As we shall see in our study of the next few sections of the letter (see 3:23-25; 4:1-4), Paul's presentation of the temporal framework for the law is a major theme of his argument for the superiority of the promise fulfilled in Christ over the law. This theme differs radically from the common Jewish perspective of his day, which emphasized the eternal, immutable nature of the law. But Paul's Christocentric perspective led him to see that Christ (the promised Seed), not the law, was the eternal one.[2]

Concerning this verse (3:19) Stern seems, in some ways, to take the popular Christian view as noted above just a step further. While not casting the Torah in a negative light, he nonetheless seems to not fully capture the intended meaning of Paul’s point there in verse 19. Because of his widespread acceptance among many messianic believers, his view is worth critiquing. Moreover, his popularity in the Messianic Community has far-reaching influence in the way the Movement forms their view of the Torah. Writing in his Jewish New Testament Commentary we read (all emphasis, his):

So then, why the legal part of the Torah (see v. 17N)? Why was it needed at all, if the promise (v. 18) is independent of it? It was added to the promise—and to the environment of Jewish history in particularly and human history in general—in order to create transgressions, literally, “because of transgressions.” The latter could mean, “in order to contain and limit transgressions,” in order to keep the Jewish people from becoming so intolerably sinful that they would become irredeemable. But instead of this, I think it means, as Sha'ul explains in Romans 7, that a key purpose of the commandments was to make Jewish people ever aware of their sin—not that Jews were more sinful than Gentiles, but that, like Gentiles, Jews too “fall short of earning God’s praise” (Ro 3:23). The Torah “creates” transgressions by containing commandments which people break, indeed, which rebellious human nature perversely wants to break (Ro 7:7-12&NN). But at least in some cases the guilt they feel causes them to despair of ever earning God’s praise by their own works, so that they come to God in all humility to repent, seek his forgiveness, and trust in him (see Ro 3:19-20&NN, 4:13-15&NN, 5:12-21&N, 7:5-25&NN).

Until the coming of the “seed,” Yeshua (verse 16), about whom the promise had been made. From the time of Moshe until the coming of Yeshua, the Torah had a “conscious-raising” role towards sin. The Torah still exists, is still in this force (see Gal. 6:2), and for those who have not yet come to trust in Yeshua it still has this function. But for those who do trust in Yeshua and are faithful to him, the Torah need no longer serve in this capacity. Sha'ul explains why in verses 21-25.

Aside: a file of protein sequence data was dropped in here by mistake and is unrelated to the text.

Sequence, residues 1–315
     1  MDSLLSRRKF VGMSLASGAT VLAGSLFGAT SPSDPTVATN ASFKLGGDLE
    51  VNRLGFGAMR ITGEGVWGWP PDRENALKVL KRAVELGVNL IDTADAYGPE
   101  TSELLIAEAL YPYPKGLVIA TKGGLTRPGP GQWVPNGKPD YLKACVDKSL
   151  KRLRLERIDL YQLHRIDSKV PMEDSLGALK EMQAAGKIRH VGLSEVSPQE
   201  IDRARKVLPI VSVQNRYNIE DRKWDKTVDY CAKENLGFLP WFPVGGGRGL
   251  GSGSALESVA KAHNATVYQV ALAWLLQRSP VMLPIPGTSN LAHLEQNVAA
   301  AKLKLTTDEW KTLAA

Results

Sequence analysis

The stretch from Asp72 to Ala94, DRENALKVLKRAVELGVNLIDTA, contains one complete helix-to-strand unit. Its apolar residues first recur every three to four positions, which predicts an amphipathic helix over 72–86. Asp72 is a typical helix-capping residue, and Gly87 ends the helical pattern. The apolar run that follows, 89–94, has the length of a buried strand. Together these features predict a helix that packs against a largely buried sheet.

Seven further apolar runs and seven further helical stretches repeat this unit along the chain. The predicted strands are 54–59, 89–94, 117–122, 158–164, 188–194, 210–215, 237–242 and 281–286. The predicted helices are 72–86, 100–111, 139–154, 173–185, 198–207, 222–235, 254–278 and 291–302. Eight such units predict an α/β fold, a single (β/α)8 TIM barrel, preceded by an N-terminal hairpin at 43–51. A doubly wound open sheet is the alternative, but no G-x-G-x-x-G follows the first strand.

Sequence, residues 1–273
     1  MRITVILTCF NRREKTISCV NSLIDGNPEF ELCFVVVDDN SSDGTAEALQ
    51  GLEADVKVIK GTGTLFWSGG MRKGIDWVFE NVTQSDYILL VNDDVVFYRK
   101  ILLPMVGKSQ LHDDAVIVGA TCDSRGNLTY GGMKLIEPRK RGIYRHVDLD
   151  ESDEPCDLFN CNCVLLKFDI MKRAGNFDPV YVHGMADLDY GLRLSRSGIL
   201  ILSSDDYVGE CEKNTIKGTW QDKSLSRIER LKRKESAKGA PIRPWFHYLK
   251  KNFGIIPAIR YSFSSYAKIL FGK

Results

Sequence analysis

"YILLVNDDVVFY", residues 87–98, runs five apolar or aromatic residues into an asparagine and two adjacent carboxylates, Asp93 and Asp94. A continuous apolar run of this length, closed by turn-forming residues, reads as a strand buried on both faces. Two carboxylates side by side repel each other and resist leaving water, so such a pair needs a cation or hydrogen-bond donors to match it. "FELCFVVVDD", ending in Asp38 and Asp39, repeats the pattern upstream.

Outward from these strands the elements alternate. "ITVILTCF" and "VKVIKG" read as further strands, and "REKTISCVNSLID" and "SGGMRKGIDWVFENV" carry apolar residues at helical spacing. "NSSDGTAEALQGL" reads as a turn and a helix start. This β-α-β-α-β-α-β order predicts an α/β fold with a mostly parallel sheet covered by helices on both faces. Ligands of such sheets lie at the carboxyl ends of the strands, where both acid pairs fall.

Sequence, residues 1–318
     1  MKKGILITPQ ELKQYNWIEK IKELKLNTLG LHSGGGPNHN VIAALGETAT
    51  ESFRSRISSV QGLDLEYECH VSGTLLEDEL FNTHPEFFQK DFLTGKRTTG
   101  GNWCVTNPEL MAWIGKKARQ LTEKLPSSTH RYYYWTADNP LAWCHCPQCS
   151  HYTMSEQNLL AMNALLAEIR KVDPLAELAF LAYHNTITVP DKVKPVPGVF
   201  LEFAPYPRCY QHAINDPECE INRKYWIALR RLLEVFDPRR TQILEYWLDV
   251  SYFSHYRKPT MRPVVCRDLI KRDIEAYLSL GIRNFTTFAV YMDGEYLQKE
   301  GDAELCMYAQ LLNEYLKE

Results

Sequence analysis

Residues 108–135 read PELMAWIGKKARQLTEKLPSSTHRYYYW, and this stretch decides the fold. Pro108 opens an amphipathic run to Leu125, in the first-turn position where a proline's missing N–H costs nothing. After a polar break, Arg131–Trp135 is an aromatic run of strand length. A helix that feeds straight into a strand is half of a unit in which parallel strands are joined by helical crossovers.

It, the Torah, was handed down to Moshe on Mount Sinai through angels, a point made three times in the New Testament (see Acts 7:53) and through a human mediator, Moshe. An often-heard Jewish objection to the New Testament’s teaching is that Jews don’t need Yeshua because they don’t need a mediator between themselves and God. This verse refutes the claim with its reminder that Moshe himself served as such a mediator—as, for that matter, did the cohanim and the prophets. See Hebrews 8:6, 10:19-21; 1 Tim. 2:5; Exodus 20:19; Deut. 5:2, 5; and this citation form a Pseudepigraphic work dating from the first or second century B.C.E:

“Draw near to God and to the angel that intercedes for you, for he is a mediator between God and man…” (Testament of Dan 6:2)[3]

I believe that as important a contribution as Stern has made to the Messianic Movement (I currently endorse his Bible translation), with regards to his commentary on this particular verse, this “neutral” view—as opposed to the blatant “negative” one that Christianity holds—that the Torah was given to Isra'el to make her ever aware of her transgressions misses the point of Paul’s argument at this point in his letter.

In a sort of combination of both BibleGateway and Stern, David Guzik, Christian commentator, adds his contribution to the Galatian dilemma:

What purpose then does the law serve? It was added because of transgressions: Part of the reason the law was given was to restrain the transgression of men through clearly revealing God’s holy standard. God had to give us His standard so we would not destroy ourselves before the Messiah came. But the law is also added because of transgressions in another way; the law also excites man’s innate rebellion through revealing a standard, showing us more clearly our need for salvation in Jesus (Romans 7:5-8).[4]